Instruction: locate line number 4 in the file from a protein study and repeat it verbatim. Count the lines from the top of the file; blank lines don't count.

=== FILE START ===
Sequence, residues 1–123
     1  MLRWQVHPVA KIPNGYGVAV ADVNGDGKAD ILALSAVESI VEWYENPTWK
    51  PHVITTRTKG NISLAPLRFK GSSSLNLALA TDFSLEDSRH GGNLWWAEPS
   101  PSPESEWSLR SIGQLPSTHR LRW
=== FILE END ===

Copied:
   101  PSPESEWSLR SIGQLPSTHR LRW